Annapolis City Dock Named To List Of America's 11 Most Endangered Historic Places
7/20/2018, 10:42 a.m.
ANNAPOLIS The National Trust for Historic Preservation has named Annapolis’s City Dock to its 2018 list of America’s 11 Most Endangered Historic Places, an annual list that spotlights important examples of our nation’s architectural and cultural heritage at risk of destruction or irreparable damage.
Almost 300 places have been on the list over its 31-year history, and in that time, fewer than five percent of listed sites have been lost.
Since it’s listing as a National Historic Landmark District in 1965, Annapolis has remained one of the most intact and authentic colonial towns in the nation. Over the course of the past 50 years, numerous Annapolitans have invested in the care, upkeep and protection of this unique place. Providing the city with economic vitality, these efforts have made Annapolis one of the state’s premier heritage tourist destinations, drawing visitors from around the globe who are attracted to the its charm and history.
Key to the success of Annapolis have been the reasonable and carefully enforced historic district guidelines that have protected the National Historic Landmark’s irreplaceable buildings, character, and unparalleled views. The current proposal to re-zone portions of the historic district and allow for incompatible development on the historic waterfront threatens to upend five decades of effort to safeguard Annapolis’s exceptional heritage.
“To the dismay of residents and visitors alike, the proposed rezoning of the Colonial Annapolis Historic District opens the door for permanent loss of the area’s unique character,” said Stephanie K. Meeks, president and CEO of the National Trust for Historic Preservation. “Annapolis deserves redevelopment that embraces the history of the community and provides for compatible growth within the framework of the already adopted preservation guidelines— ensuring that one of the state’s premier heritage tourist destinations is maintained for the benefit and enjoyment of future generations.”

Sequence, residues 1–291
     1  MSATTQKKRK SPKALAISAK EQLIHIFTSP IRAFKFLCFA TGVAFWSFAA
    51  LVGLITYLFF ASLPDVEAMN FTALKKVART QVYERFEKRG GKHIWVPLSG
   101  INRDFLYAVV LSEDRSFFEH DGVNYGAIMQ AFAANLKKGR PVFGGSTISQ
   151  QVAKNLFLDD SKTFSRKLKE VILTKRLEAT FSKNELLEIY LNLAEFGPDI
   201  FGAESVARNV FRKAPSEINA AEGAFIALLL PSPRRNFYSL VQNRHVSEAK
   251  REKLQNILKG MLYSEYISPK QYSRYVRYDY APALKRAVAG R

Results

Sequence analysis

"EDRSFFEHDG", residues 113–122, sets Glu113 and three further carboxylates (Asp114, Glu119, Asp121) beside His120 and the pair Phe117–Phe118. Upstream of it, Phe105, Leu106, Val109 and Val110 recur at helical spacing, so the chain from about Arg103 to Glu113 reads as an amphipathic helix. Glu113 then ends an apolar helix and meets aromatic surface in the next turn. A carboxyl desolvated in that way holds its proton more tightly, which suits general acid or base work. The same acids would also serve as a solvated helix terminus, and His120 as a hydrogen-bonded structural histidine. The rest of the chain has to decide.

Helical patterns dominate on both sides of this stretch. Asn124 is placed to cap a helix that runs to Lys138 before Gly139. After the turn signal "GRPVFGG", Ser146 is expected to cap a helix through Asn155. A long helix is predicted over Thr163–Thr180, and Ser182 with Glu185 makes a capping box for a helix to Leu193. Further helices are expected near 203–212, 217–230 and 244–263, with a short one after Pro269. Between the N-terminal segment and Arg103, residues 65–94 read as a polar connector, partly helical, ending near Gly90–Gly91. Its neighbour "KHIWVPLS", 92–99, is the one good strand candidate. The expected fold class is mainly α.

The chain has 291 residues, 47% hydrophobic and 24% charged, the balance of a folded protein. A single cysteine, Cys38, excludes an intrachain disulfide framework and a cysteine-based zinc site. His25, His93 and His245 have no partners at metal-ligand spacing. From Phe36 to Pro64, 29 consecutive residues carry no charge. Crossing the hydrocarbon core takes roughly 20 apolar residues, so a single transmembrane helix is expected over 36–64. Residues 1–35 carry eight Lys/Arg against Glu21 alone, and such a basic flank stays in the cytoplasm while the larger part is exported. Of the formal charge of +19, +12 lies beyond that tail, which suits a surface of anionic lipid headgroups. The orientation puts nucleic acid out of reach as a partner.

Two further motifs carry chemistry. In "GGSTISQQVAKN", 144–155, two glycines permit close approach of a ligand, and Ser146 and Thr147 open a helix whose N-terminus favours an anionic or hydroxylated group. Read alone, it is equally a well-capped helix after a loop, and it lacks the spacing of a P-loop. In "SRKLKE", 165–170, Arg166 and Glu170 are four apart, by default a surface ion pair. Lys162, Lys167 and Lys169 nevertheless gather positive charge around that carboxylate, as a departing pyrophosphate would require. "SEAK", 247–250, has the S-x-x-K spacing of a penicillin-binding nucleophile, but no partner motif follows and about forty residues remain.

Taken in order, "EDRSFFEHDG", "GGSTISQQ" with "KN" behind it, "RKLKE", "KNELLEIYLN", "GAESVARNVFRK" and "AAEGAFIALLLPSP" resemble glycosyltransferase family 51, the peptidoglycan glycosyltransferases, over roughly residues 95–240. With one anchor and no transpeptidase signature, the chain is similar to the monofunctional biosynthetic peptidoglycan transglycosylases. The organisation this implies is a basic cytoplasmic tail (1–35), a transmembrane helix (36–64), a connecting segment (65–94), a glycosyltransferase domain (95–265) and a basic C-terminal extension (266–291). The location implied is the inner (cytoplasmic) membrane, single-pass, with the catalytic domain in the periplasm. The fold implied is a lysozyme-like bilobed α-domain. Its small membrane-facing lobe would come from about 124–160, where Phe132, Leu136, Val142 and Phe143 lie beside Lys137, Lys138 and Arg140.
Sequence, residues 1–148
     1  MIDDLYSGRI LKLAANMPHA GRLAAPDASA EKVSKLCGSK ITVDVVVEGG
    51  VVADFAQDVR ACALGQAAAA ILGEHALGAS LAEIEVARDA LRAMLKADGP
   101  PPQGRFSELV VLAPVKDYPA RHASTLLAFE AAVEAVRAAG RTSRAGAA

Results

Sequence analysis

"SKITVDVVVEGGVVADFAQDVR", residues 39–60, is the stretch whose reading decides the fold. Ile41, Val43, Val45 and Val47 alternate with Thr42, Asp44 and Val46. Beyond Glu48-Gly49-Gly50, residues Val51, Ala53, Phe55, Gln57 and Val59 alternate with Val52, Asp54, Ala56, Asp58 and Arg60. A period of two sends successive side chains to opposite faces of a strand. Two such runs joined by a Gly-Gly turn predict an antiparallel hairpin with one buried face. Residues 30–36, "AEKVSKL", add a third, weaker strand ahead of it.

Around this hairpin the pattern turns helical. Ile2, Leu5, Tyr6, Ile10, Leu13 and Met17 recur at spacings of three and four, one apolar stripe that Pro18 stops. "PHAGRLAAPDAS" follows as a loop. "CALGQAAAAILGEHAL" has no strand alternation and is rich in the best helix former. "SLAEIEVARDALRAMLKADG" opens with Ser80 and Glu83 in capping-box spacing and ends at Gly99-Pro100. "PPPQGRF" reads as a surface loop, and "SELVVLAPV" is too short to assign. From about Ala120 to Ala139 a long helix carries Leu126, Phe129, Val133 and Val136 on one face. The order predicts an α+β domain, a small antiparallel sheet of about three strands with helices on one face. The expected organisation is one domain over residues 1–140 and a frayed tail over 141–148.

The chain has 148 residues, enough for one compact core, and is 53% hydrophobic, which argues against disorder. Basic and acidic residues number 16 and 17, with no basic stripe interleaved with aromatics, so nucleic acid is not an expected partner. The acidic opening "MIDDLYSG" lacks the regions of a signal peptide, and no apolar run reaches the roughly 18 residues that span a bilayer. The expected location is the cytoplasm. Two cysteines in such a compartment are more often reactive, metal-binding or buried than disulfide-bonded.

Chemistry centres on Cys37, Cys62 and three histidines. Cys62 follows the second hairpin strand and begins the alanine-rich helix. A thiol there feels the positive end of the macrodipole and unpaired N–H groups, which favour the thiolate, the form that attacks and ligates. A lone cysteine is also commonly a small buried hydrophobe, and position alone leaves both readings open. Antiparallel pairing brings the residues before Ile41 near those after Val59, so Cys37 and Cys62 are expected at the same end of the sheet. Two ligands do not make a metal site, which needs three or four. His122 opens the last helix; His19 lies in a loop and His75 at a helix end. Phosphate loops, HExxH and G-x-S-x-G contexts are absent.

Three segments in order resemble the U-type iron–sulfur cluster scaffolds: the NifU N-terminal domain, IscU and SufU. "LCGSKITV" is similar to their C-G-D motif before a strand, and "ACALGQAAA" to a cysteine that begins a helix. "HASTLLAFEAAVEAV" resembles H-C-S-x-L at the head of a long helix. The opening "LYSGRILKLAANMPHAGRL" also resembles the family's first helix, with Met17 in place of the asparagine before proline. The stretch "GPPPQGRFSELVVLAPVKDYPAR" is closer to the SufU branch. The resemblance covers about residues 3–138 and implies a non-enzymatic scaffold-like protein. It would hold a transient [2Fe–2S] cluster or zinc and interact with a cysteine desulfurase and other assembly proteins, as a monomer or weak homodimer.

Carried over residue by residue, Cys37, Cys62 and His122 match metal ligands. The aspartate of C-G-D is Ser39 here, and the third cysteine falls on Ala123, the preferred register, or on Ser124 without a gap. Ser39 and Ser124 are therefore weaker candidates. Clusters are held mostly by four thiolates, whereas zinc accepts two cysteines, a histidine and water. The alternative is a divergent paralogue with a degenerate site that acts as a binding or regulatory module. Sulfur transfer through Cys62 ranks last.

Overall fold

“The current rezoning proposal is not worthy of Annapolis and should be rejected,” said Robert C. Clark president and CEO of Historic Annapolis. “The 11 Most Endangered Listing is a formal recognition by the National Trust that “This Place Matters,” and the proposed re-zoning is a serious and imminent threat to a place designated as one of America’s Treasures.”
Historic Annapolis, along with the National Trust and its statewide partner Preservation Maryland, is not opposed to thoughtful redevelopment of underutilized areas of the Annapolis Historic District. The organizations are, however, opposed to lifting critical height and bulk restrictions that have preserved the authentic, human-scale setting that
defines the Annapolis experience and preserve the intersection of the built and natural environment. Over-scaled development at the water’s edge threatens to eliminate the critical connection between the water and the city, create untold environmental challenges, and invites further degradation of the historic district. If not approached with careful consideration, new development could be accompanied by added stress on fragile foundations, historic masonry, and the quality of life of District residents.
Preservation Maryland and Historic Annapolis have launched an online petition to gather names of individuals opposed to this damaging plan. Resident of the City of Annapolis and anyone else who appreciates the history of Annapolis are encouraged to sign the petition at: presmd.org/annapolis
Members of the public can view the full 2018 list of America’s 11 Most Endangered Historic Places and learn about what they can do to support these treasured sites at: www.SavingPlaces.org/11Most